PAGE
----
Air frosts 0
Total for month 92.3
Wettest day 30.8 day 11
High rain rate 56.4 day 29
Rain days 10
Dry days 21
Highest Gust 17.4 day 27
Average Speed 2.9
Wind Run 2163.5 miles
Gale days 0
Maximum 1024.2 day 16
Minimum 996.8 day 31
Total hours of sunshine 167
In terms of the rest of the summer a look at the ECMWF control run out to 10 days suggests an unsettled start to August with the jetstream centred right over the top of the UK. Things may improve as the Azores high attempts to exert more influence – so perhaps more in the way of sunshine than of late. In terms of heatwaves it is impossible to tell at this range.
1st: Cloudy but with sunny spells developing, these growing longer in length by evening.
2nd: Sunny with just a few light cumulus.
3rd: Sunny start though with plenty of cloud around, this tending to thicken after lunch with odd spot of rain.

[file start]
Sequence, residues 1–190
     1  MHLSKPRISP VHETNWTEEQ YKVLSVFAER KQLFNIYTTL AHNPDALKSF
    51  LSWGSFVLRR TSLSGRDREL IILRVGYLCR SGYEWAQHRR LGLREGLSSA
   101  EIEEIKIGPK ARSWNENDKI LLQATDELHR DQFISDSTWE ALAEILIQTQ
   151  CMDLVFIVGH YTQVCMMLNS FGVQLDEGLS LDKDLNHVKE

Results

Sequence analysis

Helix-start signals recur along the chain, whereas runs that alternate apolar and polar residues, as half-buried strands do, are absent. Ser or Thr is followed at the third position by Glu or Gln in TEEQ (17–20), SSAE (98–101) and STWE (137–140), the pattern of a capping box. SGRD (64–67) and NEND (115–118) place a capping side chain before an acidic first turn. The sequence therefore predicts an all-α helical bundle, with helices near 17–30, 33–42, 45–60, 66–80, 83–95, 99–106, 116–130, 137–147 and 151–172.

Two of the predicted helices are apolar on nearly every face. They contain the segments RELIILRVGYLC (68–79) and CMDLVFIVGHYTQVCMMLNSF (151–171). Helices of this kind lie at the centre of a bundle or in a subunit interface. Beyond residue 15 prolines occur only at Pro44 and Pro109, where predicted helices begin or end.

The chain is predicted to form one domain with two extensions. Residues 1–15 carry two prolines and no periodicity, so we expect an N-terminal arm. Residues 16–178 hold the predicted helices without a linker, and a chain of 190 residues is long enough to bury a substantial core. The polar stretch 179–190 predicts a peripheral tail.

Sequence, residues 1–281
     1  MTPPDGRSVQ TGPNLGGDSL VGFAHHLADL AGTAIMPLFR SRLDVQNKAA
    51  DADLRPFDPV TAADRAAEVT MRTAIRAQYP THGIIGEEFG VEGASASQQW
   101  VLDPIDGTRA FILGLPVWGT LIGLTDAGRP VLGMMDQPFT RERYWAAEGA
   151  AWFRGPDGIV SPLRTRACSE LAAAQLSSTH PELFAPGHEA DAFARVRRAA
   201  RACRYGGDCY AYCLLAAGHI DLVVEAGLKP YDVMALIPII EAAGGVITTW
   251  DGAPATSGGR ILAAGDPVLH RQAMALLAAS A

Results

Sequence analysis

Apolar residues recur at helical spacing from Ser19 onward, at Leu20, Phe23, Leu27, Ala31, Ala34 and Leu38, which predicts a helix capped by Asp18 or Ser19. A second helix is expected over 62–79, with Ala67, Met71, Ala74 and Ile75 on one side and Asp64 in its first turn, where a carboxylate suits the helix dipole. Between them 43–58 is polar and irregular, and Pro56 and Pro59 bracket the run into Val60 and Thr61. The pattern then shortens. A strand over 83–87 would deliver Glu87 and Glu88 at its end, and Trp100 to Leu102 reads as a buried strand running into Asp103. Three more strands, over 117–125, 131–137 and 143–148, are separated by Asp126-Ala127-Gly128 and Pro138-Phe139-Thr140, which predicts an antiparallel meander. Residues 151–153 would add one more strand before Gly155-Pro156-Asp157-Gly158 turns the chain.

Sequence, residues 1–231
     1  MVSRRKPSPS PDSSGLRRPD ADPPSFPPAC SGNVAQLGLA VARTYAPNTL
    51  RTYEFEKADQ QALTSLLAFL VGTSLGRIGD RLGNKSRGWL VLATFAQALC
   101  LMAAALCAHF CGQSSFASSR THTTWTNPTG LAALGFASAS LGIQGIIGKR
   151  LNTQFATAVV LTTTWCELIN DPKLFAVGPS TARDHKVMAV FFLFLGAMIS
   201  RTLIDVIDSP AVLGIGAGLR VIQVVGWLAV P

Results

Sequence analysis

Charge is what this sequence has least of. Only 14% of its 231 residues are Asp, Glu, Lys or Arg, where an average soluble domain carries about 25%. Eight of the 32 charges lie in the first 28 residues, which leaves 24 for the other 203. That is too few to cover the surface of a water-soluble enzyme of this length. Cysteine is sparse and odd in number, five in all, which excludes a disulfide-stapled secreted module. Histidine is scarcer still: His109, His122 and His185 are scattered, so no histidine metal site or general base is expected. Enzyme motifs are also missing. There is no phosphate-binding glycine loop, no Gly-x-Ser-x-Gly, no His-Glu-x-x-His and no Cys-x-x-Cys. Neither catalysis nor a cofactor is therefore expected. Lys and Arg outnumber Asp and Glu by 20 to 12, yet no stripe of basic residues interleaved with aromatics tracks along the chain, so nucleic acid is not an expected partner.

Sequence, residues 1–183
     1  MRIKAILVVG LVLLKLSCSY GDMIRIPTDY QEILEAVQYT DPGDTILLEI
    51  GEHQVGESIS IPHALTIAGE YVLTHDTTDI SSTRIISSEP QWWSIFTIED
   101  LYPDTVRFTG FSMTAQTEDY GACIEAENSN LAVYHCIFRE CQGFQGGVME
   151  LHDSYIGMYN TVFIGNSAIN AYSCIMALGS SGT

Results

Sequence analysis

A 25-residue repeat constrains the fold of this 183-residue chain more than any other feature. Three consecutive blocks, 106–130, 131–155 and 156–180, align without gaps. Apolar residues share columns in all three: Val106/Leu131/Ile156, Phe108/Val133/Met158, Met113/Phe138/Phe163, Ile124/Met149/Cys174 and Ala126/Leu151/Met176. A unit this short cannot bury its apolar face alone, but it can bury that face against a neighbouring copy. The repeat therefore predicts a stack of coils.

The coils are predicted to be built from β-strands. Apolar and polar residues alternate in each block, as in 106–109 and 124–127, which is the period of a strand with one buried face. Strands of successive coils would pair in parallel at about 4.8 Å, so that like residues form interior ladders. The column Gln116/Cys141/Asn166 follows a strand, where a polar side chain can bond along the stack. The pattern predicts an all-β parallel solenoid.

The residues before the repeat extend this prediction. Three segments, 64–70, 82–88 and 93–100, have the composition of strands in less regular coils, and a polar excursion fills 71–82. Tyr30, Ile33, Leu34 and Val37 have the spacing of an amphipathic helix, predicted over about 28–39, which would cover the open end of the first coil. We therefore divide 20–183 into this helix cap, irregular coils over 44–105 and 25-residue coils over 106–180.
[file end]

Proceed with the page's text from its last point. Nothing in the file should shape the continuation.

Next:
4th: Sunny and very warm early then tended to cloud over before sun returned in the late afternoon and evening. Some very unstable low to mid level cloud.
5th: Sunny with just a few cirro-cumulus. Feeling very warm with cloud bubbling up in the evening, however forecast storms failed to materialise.
6th: Sunny with cirrus and dotted cumulus. This tended to thicken late morning though sun stayed out and became hot and humid.
7th: Sunny with lots of high-level cirrus and cumulus most of the day.
8th: Bright but mostly cloudy start, the cloud tending to vary through the day. Sunny after 4pm. Warm overnight.
9th: Bright but mostly cloudy start, the cloud tending to break and vary through the day.